Today Intel has ‘trusted execution technology’ which is a set of processor hardware extensions and chipsets that have security characteristics such as measured launch and protected execution.
It achieves this by creating an environment in which applications can run within their own space, protected from all other software on the system.
To a degree, the success of hardware-based security is also dependent on how much effort vendors are prepared to put into securing their products. But once it is known that there is a solution that successfully addresses the problem of malware market forces will drive vendors in this direction.
Prediction six – personal internet devices will be truly personal
Mobile internet devices (Mids) are already powerful enough to be useful and the introduction of sub-threshold devices (prediction one) mean these will run all day.
Add this to a continuous Internet connection and users will, for example, be able translate words into other languages and hear then pronounced, or with GPS get a constant geographically-based pollen prediction for that day.
Ten years from now Mids will be ubiquitous and application developers will flood the market with all sorts of ingenious ideas.
Prediction seven – interactive computing devices make ‘composable computing’ a reality
‘Composable computing’ is the impromptu assembly of a logical computer from wireless components that are nearby – enabled by wireless links, automatically assembling networks, and simple graphical user interfaces that allow available components selected and connected as the user desires.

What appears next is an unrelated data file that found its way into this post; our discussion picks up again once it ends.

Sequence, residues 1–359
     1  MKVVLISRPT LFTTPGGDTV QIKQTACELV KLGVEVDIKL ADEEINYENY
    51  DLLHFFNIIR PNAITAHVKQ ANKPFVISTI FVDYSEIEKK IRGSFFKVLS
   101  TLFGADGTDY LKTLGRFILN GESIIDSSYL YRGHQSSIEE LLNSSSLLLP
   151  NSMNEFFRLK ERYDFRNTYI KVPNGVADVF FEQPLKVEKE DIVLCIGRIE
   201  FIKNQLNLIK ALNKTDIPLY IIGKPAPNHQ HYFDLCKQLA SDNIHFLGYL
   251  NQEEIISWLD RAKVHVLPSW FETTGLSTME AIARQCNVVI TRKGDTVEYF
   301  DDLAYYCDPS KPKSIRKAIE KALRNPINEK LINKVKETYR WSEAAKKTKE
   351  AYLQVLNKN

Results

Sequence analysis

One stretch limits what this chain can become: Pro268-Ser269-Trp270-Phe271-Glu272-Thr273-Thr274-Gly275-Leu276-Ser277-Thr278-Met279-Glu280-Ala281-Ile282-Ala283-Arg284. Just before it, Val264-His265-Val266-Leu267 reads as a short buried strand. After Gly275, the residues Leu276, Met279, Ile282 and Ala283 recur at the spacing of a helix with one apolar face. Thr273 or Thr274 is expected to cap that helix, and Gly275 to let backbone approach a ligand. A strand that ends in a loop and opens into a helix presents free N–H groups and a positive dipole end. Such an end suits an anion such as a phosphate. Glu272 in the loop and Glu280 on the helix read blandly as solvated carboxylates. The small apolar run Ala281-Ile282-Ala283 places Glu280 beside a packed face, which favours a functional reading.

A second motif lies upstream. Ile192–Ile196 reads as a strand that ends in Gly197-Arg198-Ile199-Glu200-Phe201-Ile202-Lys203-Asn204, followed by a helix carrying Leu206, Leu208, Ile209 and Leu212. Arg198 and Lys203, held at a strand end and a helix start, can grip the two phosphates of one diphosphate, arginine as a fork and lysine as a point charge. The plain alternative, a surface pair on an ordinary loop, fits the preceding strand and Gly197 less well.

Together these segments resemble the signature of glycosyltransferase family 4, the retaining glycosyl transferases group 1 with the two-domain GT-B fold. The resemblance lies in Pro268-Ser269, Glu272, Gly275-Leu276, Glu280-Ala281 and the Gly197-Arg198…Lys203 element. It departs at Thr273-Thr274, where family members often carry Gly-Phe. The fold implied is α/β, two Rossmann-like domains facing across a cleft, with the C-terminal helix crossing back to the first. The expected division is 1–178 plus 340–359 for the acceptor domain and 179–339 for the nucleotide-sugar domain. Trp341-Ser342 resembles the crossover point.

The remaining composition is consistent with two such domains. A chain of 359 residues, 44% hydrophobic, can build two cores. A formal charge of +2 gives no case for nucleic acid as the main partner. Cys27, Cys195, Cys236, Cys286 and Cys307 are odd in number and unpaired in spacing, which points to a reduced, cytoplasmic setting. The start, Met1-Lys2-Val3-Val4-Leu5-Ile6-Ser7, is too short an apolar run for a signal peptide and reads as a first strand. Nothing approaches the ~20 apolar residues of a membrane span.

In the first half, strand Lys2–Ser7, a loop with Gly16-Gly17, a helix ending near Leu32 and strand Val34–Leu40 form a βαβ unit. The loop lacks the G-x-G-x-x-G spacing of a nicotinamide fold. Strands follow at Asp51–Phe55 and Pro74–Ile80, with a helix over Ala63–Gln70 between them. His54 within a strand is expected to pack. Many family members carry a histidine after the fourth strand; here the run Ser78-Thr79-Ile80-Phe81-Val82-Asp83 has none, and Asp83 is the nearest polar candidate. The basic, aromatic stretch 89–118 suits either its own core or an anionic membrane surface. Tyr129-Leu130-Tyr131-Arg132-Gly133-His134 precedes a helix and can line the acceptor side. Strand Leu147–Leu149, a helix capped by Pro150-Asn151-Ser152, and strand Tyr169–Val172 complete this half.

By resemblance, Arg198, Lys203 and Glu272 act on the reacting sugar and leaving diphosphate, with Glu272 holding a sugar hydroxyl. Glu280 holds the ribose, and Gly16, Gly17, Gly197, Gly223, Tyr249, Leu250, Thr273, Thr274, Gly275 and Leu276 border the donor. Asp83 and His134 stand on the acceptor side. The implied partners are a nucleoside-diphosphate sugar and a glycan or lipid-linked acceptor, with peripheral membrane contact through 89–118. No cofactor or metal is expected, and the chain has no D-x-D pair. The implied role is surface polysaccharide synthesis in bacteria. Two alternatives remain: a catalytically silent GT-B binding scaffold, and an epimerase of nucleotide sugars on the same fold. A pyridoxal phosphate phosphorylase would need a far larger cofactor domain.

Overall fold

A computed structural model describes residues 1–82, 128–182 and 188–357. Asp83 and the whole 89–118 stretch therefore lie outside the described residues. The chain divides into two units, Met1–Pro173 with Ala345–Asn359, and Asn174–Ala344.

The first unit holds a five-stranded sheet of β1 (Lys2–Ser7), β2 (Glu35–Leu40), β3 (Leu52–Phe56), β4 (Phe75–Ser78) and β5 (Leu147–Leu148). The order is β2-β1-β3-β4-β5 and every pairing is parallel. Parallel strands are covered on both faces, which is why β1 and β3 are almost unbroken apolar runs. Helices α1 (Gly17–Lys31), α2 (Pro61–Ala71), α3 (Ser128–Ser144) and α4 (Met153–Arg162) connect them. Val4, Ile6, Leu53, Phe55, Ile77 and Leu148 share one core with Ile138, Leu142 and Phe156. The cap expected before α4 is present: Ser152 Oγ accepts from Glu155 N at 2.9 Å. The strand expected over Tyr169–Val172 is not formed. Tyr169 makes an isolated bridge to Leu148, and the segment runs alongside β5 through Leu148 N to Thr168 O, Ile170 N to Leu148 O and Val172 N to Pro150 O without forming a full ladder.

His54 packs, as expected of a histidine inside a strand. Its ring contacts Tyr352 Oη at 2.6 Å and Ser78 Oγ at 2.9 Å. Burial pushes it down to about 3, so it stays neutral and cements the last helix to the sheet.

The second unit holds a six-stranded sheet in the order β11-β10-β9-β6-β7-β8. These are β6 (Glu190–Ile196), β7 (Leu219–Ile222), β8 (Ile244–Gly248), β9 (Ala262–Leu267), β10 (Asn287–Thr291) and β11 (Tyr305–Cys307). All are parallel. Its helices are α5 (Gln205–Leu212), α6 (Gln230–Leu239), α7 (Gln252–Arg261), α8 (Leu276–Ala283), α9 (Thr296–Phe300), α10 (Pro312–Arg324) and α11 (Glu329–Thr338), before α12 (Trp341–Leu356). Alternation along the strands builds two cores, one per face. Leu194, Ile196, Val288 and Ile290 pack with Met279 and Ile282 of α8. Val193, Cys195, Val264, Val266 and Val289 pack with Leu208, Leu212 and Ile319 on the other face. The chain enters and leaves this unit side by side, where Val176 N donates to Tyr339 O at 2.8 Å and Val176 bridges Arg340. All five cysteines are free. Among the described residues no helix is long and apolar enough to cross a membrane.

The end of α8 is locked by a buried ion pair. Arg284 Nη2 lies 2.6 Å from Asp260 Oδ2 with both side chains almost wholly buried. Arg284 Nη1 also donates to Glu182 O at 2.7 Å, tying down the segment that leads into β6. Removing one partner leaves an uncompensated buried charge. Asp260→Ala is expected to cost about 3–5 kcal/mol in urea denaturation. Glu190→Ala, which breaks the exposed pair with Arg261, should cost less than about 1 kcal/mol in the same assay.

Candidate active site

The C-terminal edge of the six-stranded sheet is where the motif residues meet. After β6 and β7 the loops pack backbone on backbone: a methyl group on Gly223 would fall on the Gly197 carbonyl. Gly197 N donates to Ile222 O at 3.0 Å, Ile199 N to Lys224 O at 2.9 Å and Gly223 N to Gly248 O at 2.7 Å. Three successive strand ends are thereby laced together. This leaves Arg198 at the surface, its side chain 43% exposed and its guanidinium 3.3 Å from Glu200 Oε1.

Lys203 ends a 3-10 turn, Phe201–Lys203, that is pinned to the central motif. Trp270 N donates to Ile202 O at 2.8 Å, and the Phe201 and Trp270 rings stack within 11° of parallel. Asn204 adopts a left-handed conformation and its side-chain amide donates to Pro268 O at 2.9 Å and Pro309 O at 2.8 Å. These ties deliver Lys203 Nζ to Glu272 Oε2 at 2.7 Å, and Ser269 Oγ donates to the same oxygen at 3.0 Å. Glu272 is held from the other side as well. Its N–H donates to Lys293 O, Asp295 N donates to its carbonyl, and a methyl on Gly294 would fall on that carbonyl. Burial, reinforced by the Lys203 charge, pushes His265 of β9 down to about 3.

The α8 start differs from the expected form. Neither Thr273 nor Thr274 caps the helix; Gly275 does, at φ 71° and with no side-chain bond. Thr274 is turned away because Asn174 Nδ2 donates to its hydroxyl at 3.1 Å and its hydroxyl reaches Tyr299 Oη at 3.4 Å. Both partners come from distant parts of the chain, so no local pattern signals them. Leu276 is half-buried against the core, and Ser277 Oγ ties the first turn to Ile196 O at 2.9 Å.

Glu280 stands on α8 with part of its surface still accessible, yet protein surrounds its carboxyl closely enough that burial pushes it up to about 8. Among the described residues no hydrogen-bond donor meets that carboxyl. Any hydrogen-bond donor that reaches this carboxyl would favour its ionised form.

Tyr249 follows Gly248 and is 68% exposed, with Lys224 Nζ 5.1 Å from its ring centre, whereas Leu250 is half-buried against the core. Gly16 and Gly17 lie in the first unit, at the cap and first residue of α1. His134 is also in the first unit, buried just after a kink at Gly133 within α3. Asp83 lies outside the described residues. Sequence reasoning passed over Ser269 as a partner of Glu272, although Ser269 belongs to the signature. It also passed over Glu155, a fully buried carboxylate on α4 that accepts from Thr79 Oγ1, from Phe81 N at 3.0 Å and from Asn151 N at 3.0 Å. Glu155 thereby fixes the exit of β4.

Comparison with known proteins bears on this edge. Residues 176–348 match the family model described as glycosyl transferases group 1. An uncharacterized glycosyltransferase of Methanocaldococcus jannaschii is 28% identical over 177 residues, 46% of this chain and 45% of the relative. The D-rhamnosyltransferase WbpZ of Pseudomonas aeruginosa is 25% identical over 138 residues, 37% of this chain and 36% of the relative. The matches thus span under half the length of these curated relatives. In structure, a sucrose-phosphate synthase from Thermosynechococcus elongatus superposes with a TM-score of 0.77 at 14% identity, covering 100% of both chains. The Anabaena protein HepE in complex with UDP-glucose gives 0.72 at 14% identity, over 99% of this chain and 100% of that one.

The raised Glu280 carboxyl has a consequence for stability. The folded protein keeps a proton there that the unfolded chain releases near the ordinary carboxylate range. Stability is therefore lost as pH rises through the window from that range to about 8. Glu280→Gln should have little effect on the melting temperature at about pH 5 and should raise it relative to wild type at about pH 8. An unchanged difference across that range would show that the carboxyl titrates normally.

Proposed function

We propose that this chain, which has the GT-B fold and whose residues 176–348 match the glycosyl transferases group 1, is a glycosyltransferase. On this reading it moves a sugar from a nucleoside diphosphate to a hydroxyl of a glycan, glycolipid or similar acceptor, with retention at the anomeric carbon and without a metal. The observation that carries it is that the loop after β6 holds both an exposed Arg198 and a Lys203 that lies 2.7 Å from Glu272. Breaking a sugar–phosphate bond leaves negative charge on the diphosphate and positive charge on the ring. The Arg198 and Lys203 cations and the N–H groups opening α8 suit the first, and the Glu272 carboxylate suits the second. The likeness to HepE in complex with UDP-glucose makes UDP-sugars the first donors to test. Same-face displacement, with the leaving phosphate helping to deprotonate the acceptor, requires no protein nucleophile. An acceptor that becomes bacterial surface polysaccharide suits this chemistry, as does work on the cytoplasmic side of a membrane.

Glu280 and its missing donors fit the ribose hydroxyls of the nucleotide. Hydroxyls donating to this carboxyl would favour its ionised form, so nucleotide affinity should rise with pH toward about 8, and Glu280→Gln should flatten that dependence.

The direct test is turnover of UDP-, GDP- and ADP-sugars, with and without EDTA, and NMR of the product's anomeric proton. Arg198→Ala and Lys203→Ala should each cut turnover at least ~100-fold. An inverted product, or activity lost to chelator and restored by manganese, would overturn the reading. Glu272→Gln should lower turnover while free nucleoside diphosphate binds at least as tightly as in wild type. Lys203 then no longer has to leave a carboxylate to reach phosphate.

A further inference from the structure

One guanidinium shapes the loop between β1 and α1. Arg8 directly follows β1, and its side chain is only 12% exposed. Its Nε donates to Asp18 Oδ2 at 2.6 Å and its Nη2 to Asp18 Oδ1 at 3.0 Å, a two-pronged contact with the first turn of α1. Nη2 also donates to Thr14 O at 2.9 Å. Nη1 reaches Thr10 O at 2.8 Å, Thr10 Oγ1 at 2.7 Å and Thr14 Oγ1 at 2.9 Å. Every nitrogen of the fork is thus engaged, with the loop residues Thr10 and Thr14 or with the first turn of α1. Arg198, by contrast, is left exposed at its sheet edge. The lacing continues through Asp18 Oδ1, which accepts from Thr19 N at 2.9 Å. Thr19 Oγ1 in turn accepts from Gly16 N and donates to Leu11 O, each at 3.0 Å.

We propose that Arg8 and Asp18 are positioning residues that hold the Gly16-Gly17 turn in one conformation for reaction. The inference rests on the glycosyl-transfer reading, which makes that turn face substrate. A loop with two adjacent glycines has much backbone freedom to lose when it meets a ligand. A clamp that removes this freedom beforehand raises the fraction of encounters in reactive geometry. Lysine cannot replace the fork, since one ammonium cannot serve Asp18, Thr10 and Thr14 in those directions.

For example, images taken on a mobile device could be directed onto a nearby TV, or the music playing on an MP3 player could be sent to a HiFi in the room.
Prediction eight – next-generation TV will not be about pixels
There is a limit to how big a TV screen can be without needing larger rooms, and a limit to the amount of resolution this size of screen needs.
Beyond this, TVs will have to differentiate themselves by delivering further information.
For example, click on a athlete in a running race to bring up biographical details in a window.
Viewing will be from any location, delivered through various means such as ‘over-the-air’ and multi-cast IP, and available on a wide range of devices from notebook PCs to mobile internet devices and smart phones.
Prediction nine – seamlessly connected 3-D worlds
3D worlds, perhaps the World of Warcraft and Second Life, will overlap and be used for more practical activities.
Companies already get feedback from virtual users about new products before they are brought to the real market, and virtual spaces can be created as meeting places where employees can exchange information regardless of geographical location.
With the impending advances in computer graphics and growth in devices, how long will it be before a company like Amazon.com, for example, establishes a 3D presence with shopping aisles and book shelves that can be entered via virtual worlds such as Second Life?
Prediction ten – and finally a spectrum revolution is looming
Already many devices contain two or three wireless connectivity options and as television becomes more interactive this need will become more pressing.
As things stand today, the spectrum is fragmented and fairly chaotic, parts are saturated, and parts almost empty.
It’s unlikely that this will happen in a smooth manner, as many organisations will wish to maintain dominance of their spectrum segment.
However, for example, as broadcast TV eventually concedes its position to interactive TV which is tailored to each user’s preferences, spectrum will eventually be freed up.